Brix & The Extricated: Live in Manchester

Friday 27 April

The Ruby Lounge, Manchester

There are occasional gigs which turn an expectant Friday-night crowd into moving, seething mass of music and majesty. The audience respect the artists whilst going into the best kind of absolute chaos.  This storming set by Brix & The Extricated, live at The Ruby Lounge, Manchester, was one of them.  Sadly I couldn’t make the guest band Blanketman, but I heard from other audience members that they were very good indeed – a combination of intense, layered Indie with punchy darkness. I will certainly be listening to more.

Brix certainly brings a type of tantalizing aura with her to Manchester. Formerly part of The Fall (1983-89) with then-husband Mark E. Smith (who passed away earlier this year), crowds who come to watch are often peppered with fans of The Fall, fittingly so for Manchester.

But the brilliant thing about Brix & The Extricated is not only do they jam together to resurrect and re-amplify tracks from the past, but their new material is just as powerful. The band was formed back

in 2014 in Manchester, with Brix joining together with the legendary Steve Hanley on bass – one of the best of his generation. His brother Paul takes the drums.

Their sound seethes together musical mayhem with an ability to weave raucous, foot-stamping rhythms into mix. Confusion meets catchiness. Pandemonium meets prowess. Within a couple of minutes the crowd were already incensed by Hanley’s billowing bass, combined with great driving guitar from the edgily energetic Jason Brown and Steve Trafford. Strong, sustained drumming is what is needed to keep this melting pot hot, and it was certainly no problem for Hanley – adding to the gutsy glam-stomping of the occasion.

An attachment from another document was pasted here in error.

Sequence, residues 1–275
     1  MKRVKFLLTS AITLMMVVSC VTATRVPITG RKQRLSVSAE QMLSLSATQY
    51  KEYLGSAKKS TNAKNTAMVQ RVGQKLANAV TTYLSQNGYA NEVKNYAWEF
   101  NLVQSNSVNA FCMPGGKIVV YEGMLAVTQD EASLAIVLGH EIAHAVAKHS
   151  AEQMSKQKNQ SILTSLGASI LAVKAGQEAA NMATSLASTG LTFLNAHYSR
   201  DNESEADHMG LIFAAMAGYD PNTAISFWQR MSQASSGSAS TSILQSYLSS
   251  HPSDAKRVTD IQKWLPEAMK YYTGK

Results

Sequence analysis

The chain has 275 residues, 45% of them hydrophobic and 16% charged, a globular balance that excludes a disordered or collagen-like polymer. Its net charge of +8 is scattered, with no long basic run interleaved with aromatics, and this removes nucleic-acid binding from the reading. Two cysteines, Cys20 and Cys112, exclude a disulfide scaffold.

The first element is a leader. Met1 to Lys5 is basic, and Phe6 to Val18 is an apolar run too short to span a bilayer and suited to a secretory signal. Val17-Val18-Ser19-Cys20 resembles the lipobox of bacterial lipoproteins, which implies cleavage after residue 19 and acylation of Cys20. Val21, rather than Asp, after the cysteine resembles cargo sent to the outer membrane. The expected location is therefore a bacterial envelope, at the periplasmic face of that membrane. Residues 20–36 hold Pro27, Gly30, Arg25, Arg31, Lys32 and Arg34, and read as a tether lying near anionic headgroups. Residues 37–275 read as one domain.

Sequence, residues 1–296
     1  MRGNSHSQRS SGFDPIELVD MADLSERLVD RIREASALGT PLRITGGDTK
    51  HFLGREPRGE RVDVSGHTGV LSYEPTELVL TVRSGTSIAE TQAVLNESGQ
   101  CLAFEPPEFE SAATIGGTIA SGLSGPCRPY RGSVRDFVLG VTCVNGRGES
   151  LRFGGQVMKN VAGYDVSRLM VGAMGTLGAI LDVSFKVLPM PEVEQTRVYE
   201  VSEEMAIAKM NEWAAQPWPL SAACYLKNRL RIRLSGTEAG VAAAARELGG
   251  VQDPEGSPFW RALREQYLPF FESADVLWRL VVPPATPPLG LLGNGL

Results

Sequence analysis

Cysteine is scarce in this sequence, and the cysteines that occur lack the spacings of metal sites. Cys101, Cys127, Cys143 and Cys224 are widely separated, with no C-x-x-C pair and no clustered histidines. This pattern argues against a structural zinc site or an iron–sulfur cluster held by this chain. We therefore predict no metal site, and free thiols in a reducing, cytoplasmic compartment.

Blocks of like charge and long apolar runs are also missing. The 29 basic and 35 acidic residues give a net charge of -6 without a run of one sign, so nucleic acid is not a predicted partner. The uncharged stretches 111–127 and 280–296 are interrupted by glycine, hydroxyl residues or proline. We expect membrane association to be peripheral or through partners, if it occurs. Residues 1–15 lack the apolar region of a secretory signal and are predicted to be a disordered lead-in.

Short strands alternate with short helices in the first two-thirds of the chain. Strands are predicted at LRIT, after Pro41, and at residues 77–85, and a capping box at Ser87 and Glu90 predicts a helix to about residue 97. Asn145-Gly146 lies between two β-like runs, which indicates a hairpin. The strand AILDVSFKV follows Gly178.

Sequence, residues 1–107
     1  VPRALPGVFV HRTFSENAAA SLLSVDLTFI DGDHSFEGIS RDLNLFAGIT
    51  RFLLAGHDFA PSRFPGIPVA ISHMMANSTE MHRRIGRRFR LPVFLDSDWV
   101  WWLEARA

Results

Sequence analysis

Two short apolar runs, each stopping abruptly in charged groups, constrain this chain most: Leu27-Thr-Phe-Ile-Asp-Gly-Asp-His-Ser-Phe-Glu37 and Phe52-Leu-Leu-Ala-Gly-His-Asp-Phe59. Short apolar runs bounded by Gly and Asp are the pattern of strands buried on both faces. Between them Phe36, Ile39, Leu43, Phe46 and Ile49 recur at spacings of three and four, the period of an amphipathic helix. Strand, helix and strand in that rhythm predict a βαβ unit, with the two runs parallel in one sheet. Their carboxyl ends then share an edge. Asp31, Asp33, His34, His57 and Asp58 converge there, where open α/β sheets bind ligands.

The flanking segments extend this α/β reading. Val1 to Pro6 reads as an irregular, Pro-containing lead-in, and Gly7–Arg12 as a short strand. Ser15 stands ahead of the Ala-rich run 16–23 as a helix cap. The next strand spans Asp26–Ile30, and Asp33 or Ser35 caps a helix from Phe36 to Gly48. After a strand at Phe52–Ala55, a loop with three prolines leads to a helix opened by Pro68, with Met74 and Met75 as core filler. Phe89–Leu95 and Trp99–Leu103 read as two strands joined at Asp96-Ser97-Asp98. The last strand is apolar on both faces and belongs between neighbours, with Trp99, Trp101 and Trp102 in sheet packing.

Brix took to the stage blindfolded for a burstingly-angry opener of a brand new song, not even recorded yet – Alaska. It couples deep daring  groove with an element of grind to it. Her ability as a frontwoman is second-to-none, seizing every eye in the room with her bold bejewelled stare, delivering vocal volleys where every word has impact – also joining with her own atmospheric guitar edge for a number of tracks.

We were borne through the set with a bubbling mass of music – after all, four guitars on stage is sure to leave an impression. Tracks from the new album (Part 2 by Brix & The Extricated) included the anthemic, air-punching ‘Something to Lose’ and the sexy, innuendo-soaked ‘Valentino’, Brix reaching into the audience – holding eye contact, hands, the heat of the moment.

A diversity of songs from The Fall were brought in with artful timing – working the room up into a frenzy. ‘Dead Beat Descendant’ was delivered with gutsy whomp, whilst ‘US 80s 90s’ maintained the drifting bliss built into the original, combined with live growl. ‘Totally Wired’ was a sonic surge of satisfying creative chaos– and considering this was an evening which saw two young women in the crowd crash onto the stage, the mood was wickedly wired too.

But on bursting on stage, there was a slight shift in mood as a security guard waded in and attempted to get the women down – all the time the ongoing, energised musical jam adding to the sense of sweet confusion. There were boos and hisses from the crowd as the women were warded off, only for Brix to enter into the next track with ‘where are those girls? Bring back those girls!’

With the young women back on stage, Brix sending searing waves of guitar into  an encore of The Fall’s Big New Prinz from their 1988 Kurious Oranj LP (With earlier Fall track Hip Priest segued in the middle) layered with love and riding riffs– this was no ordinary set, but  a celebration. It’s no co-incidence that Brix’s autobiography is called ‘The Rise, The Fall and The Rise’, because this was an ongoing high. Brilliant.

Photography, with thanks to Georgina Robinson

Words by Emily Oldfield




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